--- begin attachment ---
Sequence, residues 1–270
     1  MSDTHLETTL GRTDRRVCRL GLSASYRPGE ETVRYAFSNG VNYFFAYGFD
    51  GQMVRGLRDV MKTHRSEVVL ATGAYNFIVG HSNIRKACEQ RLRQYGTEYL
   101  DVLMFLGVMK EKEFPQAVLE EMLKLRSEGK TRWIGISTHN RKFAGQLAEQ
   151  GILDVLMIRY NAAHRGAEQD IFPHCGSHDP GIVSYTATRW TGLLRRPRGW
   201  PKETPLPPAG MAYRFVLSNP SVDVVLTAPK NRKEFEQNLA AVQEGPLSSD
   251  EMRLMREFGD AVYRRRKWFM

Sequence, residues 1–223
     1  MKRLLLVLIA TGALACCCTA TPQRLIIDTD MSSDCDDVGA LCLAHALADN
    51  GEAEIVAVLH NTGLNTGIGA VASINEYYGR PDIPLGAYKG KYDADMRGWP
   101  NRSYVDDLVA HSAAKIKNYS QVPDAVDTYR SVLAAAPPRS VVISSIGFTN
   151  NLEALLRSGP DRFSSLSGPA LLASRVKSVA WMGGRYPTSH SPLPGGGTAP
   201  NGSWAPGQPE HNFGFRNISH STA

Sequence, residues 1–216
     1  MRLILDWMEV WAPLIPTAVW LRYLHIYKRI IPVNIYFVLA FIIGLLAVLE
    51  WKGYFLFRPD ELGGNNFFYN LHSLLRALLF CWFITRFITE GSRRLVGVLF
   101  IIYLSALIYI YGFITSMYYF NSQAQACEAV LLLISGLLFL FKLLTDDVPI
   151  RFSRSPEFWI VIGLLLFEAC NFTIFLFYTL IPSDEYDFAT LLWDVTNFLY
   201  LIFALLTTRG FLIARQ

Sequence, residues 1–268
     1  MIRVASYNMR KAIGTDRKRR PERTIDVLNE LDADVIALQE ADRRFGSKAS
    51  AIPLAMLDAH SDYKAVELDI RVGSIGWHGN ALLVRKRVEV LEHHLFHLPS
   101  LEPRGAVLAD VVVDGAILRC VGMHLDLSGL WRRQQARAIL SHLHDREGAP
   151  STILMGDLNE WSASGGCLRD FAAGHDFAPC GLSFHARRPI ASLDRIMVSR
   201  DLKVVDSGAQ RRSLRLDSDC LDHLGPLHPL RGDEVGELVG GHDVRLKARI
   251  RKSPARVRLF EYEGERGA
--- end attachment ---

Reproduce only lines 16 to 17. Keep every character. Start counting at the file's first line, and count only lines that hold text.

    51  WKGYFLFRPD ELGGNNFFYN LHSLLRALLF CWFITRFITE GSRRLVGVLF
   101  IIYLSALIYI YGFITSMYYF NSQAQACEAV LLLISGLLFL FKLLTDDVPI